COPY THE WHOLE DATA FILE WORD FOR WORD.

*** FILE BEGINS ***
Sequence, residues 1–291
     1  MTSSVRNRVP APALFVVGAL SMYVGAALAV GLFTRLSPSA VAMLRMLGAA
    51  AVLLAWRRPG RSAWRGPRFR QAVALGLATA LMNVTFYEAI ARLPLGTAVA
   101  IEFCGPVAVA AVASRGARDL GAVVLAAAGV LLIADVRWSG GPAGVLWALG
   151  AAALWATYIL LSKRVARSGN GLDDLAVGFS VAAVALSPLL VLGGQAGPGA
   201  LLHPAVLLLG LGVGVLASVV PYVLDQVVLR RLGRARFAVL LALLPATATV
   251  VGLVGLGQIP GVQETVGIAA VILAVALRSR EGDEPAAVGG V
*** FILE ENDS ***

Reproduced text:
Sequence, residues 1–291
     1  MTSSVRNRVP APALFVVGAL SMYVGAALAV GLFTRLSPSA VAMLRMLGAA
    51  AVLLAWRRPG RSAWRGPRFR QAVALGLATA LMNVTFYEAI ARLPLGTAVA
   101  IEFCGPVAVA AVASRGARDL GAVVLAAAGV LLIADVRWSG GPAGVLWALG
   151  AAALWATYIL LSKRVARSGN GLDDLAVGFS VAAVALSPLL VLGGQAGPGA
   201  LLHPAVLLLG LGVGVLASVV PYVLDQVVLR RLGRARFAVL LALLPATATV
   251  VGLVGLGQIP GVQETVGIAA VILAVALRSR EGDEPAAVGG V